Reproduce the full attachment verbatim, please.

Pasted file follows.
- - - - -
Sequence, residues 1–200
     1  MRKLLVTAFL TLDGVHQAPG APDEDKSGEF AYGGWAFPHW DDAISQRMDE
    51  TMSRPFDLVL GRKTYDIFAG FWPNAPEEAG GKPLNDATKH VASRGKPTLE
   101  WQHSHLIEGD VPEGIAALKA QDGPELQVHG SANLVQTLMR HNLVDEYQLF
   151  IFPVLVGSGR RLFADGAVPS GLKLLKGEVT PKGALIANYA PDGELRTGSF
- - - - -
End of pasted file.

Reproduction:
Sequence, residues 1–200
     1  MRKLLVTAFL TLDGVHQAPG APDEDKSGEF AYGGWAFPHW DDAISQRMDE
    51  TMSRPFDLVL GRKTYDIFAG FWPNAPEEAG GKPLNDATKH VASRGKPTLE
   101  WQHSHLIEGD VPEGIAALKA QDGPELQVHG SANLVQTLMR HNLVDEYQLF
   151  IFPVLVGSGR RLFADGAVPS GLKLLKGEVT PKGALIANYA PDGELRTGSF